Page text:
A Music Theory Curriculum for the 21st Century

Alex Rehding, Harvard Faculty of Arts and Sciences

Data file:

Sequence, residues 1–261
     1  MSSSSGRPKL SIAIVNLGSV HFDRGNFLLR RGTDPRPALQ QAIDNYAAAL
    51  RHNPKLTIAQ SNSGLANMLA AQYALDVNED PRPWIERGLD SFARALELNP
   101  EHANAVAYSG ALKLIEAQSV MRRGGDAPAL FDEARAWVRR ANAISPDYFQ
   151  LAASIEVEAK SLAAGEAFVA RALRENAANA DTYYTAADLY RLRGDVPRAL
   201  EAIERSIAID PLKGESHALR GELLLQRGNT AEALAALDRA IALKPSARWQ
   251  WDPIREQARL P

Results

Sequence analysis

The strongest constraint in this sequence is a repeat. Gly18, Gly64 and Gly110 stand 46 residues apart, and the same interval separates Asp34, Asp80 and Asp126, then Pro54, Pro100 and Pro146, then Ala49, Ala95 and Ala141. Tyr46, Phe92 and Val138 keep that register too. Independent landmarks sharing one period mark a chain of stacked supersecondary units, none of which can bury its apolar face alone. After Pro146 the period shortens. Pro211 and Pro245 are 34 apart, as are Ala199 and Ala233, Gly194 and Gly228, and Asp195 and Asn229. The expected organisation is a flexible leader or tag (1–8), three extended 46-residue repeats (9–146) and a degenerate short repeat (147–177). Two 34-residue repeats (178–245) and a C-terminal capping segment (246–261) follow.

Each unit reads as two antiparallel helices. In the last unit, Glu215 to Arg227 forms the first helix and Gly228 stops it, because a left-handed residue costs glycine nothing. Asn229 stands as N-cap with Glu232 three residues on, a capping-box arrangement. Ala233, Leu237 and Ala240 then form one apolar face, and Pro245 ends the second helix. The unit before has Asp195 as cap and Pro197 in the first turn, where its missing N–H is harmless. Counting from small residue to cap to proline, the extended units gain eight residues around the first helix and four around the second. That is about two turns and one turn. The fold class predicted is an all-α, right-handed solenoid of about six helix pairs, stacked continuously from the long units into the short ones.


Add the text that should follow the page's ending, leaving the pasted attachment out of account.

Music theory is struggling with its endemic whiteness. Founded on the 18th-century European art music repertory of Bach and Beethoven, the discipline is in search of alternatives, which are still in short supply. All music programs in the country are wrestling with this question; our accelerator workshop is focused on Harvard’s current efforts to implement a new music theory curriculum that addresses issues of diversity, equity, inclusion, and belonging. A new curriculum is a question of social justice—with diverse repertoires, socially conscious questions, inclusive methods, and innovative teaching goals. This is a daunting task, not least since traditional music theory has been very successful in tying together a specific repertory (dubbed “common practice”) and a specific musical grammar—but this came at the expense of a narrow and exclusive focus, which left out a whole lot of other music. Any diverse curriculum will have to give up the pipe dream of universality, which old music theory misleadingly claimed for itself, and take a long hard look at what could usefully replace it. The accelerator workshop would give us the opportunity to tackle this important, urgent task. Every challenge is also an opportunity, and we are hopeful that the result of our discussions—our new curriculum—will be as eagerly studied and copied by other departments around the country as it was when our department overhauled our general music curriculum in 2015.